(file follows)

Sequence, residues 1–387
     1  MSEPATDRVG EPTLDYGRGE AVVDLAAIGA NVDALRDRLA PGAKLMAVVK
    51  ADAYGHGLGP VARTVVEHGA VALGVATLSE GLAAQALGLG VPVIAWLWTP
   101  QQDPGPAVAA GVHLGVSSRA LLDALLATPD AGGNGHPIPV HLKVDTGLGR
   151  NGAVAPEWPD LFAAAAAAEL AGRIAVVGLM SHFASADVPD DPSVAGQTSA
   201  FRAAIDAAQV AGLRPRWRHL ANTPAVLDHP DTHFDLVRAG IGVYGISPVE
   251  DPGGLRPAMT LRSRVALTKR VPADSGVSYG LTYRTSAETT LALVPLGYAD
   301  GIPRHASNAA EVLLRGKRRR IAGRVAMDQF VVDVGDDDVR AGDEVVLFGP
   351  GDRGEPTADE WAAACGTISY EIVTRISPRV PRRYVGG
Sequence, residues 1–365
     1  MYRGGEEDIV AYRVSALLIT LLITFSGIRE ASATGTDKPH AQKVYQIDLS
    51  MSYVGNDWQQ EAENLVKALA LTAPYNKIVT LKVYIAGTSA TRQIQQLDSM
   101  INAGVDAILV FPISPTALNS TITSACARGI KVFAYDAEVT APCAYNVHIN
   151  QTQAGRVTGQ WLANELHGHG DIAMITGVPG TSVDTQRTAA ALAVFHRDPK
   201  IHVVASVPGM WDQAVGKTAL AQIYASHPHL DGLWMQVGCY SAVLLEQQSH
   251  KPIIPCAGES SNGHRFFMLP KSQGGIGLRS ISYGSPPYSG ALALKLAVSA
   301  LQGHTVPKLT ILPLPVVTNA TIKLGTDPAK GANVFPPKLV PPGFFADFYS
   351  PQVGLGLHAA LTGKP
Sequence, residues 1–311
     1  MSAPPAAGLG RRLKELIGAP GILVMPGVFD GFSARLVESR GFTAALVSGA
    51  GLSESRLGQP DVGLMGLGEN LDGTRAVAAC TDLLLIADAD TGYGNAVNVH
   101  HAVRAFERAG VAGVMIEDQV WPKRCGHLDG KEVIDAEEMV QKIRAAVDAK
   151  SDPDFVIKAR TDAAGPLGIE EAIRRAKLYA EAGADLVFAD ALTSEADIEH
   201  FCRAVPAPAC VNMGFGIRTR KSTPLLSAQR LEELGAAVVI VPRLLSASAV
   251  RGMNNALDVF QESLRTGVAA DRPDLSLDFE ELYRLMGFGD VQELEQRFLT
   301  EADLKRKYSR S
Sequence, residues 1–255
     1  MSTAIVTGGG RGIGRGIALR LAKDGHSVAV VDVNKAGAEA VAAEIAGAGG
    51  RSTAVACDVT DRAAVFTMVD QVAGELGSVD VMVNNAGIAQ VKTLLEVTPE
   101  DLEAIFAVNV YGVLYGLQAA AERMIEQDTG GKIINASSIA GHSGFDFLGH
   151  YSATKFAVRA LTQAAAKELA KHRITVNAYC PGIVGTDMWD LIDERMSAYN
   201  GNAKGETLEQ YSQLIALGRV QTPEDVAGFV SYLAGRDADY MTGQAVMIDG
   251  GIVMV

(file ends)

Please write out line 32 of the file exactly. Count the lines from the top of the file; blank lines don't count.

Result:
   201  GNAKGETLEQ YSQLIALGRV QTPEDVAGFV SYLAGRDADY MTGQAVMIDG